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Cidofovir Reported Useful for Mollusca Lesions in Kids

from the Canadian AIDS Treatment Information Exchange

August 22, 2000


This article is part of The Body PRO's archive. Because it contains information that may no longer be accurate, this article should only be considered a historical document.

MCV (molluscum contagiosum virus) can cause disfiguring lesions on the face, neck and genitals of people with HIV/AIDS. There is no therapy specifically licensed for the treatment of MCV lesions, but doctors have used, with varying degrees of success, the immune boosters Aldara (imiquimod) and DNCB, liquid nitrogen, electric "zapping" of lesions and Retin-A. Recently, doctors at the National Cancer Institute in Bethesda, Maryland, have reported some success against MCV lesions using the antiviral drug cidofovir (Vistide).

The doctors reported data on two male children. One was an 8 year old with a CD4+ count of 329 cells and a viral load greater than 700,000 copies. The other was 4-years-old boy who had a CD4+ count of 168 cells and a viral load of about 430,000 copies. Despite the fact that both boys had been receiving HAART (highly active antiretroviral therapy) for about two years, hundreds of MC lesions had developed on their bodies.

The doctors prepared a skin treatment by mixing 15 grams of cidofovir with 22.5 grams of Dermovan ointment. The lesions were treated once daily for five consecutive days each week, for eight weeks. Lesions on the face were left uncovered, but lesions on the rest of the body were covered with Scotch tape. The lesions became red and sore during the first two weeks of treatment. Most of this redness cleared during the two-day rest period after each treatment cycle. The doctors reported that the lesions healed leaving "superficial" scars. At the site of former lesions, the boys' skin became darker or, in other cases, lighter as a result of treatment. No serious side effects were reported. After two months of cidofovir therapy the MC lesions cleared and have not returned after 18 months of monitoring. According to the doctors, at the end of the study both boys showed "significant improvement in their self-image and resumed their social activities."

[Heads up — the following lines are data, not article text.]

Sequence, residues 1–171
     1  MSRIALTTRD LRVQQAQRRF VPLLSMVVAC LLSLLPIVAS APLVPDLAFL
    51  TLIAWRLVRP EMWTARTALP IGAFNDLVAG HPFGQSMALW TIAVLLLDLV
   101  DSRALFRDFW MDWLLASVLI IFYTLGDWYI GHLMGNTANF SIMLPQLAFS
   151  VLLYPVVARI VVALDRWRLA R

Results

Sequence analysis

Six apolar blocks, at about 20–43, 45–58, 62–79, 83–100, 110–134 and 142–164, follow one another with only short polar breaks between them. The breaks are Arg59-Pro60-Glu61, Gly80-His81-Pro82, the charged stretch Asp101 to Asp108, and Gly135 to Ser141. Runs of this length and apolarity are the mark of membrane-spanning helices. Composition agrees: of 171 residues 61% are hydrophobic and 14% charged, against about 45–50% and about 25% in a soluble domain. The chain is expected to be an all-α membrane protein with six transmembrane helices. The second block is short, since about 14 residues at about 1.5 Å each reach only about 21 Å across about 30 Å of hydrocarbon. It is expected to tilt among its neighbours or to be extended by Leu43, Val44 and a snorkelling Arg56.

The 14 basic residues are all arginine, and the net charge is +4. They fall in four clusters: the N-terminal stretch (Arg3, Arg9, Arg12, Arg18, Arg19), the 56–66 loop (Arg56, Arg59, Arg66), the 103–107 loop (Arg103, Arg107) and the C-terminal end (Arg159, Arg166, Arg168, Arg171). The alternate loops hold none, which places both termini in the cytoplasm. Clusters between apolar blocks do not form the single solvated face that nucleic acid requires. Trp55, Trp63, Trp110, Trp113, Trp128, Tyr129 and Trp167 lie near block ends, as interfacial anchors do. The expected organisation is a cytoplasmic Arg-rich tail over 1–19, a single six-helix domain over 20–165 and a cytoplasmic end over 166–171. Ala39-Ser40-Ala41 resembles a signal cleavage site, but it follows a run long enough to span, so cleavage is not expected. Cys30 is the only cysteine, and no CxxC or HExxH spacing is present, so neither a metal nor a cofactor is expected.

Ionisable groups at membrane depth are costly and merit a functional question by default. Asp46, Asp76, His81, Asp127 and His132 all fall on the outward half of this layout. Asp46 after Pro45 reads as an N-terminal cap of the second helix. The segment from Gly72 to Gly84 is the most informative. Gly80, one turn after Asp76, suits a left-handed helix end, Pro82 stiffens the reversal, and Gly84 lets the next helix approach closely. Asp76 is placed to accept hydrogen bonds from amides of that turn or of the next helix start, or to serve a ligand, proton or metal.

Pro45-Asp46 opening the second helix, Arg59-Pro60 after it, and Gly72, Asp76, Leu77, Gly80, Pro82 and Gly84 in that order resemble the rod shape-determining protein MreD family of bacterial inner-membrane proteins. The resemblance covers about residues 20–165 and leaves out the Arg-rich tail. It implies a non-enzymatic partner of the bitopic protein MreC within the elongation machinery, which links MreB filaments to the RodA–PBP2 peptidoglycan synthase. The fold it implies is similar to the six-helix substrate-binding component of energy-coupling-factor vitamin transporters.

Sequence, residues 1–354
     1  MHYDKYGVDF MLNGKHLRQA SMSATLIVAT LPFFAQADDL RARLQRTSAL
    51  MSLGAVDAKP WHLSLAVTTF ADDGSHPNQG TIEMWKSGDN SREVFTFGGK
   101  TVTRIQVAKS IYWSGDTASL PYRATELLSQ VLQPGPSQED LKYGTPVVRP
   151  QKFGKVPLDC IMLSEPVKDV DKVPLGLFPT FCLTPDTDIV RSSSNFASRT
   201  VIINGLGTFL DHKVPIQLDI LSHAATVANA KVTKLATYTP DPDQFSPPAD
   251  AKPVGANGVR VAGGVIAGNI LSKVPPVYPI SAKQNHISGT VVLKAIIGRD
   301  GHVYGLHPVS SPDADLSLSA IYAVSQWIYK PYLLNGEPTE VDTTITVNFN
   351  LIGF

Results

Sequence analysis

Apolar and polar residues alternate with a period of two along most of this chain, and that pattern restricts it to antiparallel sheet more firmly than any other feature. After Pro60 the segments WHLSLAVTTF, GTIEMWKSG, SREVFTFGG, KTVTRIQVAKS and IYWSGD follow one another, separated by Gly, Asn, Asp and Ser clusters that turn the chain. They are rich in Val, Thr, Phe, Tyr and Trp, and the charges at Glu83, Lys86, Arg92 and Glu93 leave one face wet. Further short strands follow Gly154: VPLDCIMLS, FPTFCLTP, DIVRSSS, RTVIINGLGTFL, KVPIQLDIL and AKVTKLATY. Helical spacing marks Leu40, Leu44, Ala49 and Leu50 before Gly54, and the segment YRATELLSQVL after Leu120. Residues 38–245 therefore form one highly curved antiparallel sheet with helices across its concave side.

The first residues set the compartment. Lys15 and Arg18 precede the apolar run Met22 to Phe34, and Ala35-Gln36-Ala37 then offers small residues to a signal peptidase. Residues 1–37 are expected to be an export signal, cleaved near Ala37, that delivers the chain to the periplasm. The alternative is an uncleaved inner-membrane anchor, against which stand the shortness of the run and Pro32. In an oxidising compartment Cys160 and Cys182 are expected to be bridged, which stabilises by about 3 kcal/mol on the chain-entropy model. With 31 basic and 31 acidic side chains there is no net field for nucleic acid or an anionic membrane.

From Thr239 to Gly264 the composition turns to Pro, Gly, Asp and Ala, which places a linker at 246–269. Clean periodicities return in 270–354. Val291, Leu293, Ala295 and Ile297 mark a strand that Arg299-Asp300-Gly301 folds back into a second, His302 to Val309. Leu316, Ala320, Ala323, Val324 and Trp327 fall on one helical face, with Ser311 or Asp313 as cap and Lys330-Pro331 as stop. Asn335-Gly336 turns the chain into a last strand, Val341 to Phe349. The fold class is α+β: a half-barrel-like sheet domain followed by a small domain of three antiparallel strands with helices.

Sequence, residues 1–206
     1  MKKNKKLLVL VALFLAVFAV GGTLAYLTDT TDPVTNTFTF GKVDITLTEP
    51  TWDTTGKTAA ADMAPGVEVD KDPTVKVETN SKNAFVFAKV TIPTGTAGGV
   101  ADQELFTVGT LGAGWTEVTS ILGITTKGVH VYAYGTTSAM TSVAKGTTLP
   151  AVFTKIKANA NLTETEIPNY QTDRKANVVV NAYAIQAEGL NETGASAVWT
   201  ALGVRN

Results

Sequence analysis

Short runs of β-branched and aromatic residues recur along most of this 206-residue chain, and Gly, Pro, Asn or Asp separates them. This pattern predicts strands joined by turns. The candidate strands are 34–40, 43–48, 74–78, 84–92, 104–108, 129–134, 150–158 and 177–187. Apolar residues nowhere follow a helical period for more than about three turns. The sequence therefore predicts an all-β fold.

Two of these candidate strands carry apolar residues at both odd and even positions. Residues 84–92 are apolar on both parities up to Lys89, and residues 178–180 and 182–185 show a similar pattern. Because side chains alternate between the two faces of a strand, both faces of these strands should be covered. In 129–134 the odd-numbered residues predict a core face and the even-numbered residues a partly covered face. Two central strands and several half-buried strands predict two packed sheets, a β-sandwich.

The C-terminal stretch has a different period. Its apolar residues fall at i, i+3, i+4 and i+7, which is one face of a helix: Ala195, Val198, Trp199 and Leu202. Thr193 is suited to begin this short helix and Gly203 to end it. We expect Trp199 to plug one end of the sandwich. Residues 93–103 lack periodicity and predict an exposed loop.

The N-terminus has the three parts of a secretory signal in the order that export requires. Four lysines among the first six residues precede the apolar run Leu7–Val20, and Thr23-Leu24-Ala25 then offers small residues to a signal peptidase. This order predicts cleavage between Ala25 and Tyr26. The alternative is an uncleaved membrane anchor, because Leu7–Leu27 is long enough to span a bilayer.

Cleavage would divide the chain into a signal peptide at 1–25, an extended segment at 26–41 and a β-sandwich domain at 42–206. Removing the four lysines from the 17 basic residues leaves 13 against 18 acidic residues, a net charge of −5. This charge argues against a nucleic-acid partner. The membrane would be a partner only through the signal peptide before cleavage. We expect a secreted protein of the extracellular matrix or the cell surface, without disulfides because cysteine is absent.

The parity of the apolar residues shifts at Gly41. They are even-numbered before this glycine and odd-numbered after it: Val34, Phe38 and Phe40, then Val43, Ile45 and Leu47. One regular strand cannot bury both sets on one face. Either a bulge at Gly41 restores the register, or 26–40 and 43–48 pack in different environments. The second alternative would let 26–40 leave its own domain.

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Archives of Dermatology 2000;136:983-985.

From Canadian AIDS Treatment Information Exchange (CATIE). For more information visit CATIE's Information Network at http://www.catie.ca.




This article was provided by Canadian AIDS Treatment Information Exchange. Visit CATIE's Web site to find out more about their activities, publications and services.
 

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